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Take 2

A different spin on sports by The Seattle Times staff and readers.

February 12, 2014 at 7:21 AM

Richard Sherman: Why Seahawk is a performer, and his rant was an act

By Damon Alexander

Richard Sherman, pointing two fans during last week's Super Bowl parade in Seattle, was criticized by many for his comments during a televised interview with Erin Andrews.  Steve Ringman / Seattle Times staff photo

Richard Sherman, pointing at  fans during last week’s Super Bowl parade in Seattle, was criticized for his comments during a televised interview with Erin Andrews.
Steve Ringman / Seattle Times staff photo

What made the Seahawks cornerback Richard Sherman interview last month so easy to cover, vilify, and cast judgment on is that no one was actually hurt. That made everything fair game. There really were no consequences to stating any outlandish opinion.

The lazy or uniformed fell back to a racial commentary. But break down exactly what was said, when it was said, and the events that led up to it, and you start to see this in a different light altogether — whether you’re Sherman fan or not.

Did you know that Sherman did an interview before the “tirade”? Did you know that a smiling Sherman hugged Fox Sports reporter Erin Andrews before their interview started?  Did you know that Sherman said “good game” to 49ers receiver Michael Crabtree not once, but twice and offered his hand to Crabtree? Did you know that Crabtree then shoved Sherman in the face after that? Did you know that Sherman and Crabtree had a disagreement at a fundraiser last summer?

Did you know that Sherman is a performer? He is an athlete on a stage like any ballet dancer, figure skater, or actor on Broadway.

Wait? What?

Yes, Sherman is a performer. He was just acting.

His “character” is a trash-talking, physical, in-your-face, intimidator. When he steps on the field, between the white lines, he becomes a super hero with a cape and a mask and a persona much different than that of a straight-A student, Stanford graduate. Superman was a much different person than Clark Kent ever could be. The football field is Sherman’s phone booth. And that’s exactly the prism this should be viewed through.

A lot of people feigned concern for the doe-eyed sideline reporter Andrews. Did you know what Andrews had to say about the interview? Here is a comment she shared on “Dan Patrick Show” the day after the famous Sherman interview:

“The people who are shocked by this and upset by this, Dan, how much have you or I wanted a moment like that?” she said. “… He lost his mind. And it was awesome for once!”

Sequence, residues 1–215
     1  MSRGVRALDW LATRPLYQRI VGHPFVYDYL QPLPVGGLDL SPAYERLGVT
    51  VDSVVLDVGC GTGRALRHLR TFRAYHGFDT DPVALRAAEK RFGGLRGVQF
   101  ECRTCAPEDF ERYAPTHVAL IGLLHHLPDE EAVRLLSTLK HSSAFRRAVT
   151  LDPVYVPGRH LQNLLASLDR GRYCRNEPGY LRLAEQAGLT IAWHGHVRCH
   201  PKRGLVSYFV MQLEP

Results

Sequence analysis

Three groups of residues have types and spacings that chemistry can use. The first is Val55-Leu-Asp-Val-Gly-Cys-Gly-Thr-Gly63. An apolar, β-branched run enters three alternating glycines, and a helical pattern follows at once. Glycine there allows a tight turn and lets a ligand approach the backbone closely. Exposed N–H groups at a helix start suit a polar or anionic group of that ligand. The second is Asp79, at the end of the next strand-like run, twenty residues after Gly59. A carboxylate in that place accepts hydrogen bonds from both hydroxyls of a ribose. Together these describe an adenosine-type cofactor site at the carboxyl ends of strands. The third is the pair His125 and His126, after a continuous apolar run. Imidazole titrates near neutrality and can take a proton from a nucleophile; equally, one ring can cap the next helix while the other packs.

Andrew’s shocked look and the abrupt ending to the interview on live TV are explainable. Fox directors shouted in her ear to “dump” the interview for fear that Sherman would start cursing on national TV. According to Andrews, that was why she had that quizzical look on her face. She was trying to make the most of an extremely chaotic (and don’t forget loud situation, another reason Sherman was shouting) event that she instantly knew was a major story.

And it did become huge, partly because of social media. Can you imagine what the Web or Twitter would have been like had they been around when Muhammad Ali was floating like a butterfly and stinging like a bee? What about “Primetime” Deion Sanders?

And speaking of Sanders, this is the mold Sherman is cast in. He knows that he wants a bigger contract as a defensive back, a TV gig after he’s done playing, and to become a cultural icon. Yes, he’s that smart.

Sanders laid the groundwork for Sherman. And in this hyperbolic, internet fueled, Twitter era of faux outrage, Sherman is sitting back and watching the buzz he created. His net worth is rising like his outstretched left hand deflecting that final pass away from Crabtree.

ESPN reported that Sherman’s agent said before the Super Bowl he was in line to make over $5 million in endorsements in the offseason.

Sorry to all of the faux outraged. The joke was clearly on you.

Damon Alexander is a freelance writer for over 15 years who has written for Rivals.com, Yahoo, and, most recently, The Seattle Times. A manager and consultant at start-ups and Fortune 500 companies, he is a graduate of Hofstra University, where he played baseball.

Want to be a reader contributor to The Seattle Times’ Take 2 blog? Email your original, previously unpublished work or proposal to Sports Editor Don Shelton at dshelton@seattletimes.com or sports@seattletimes.com. Not all submissions can be published. The Times reserves the right to edit and publish any submissions online and/or in print.

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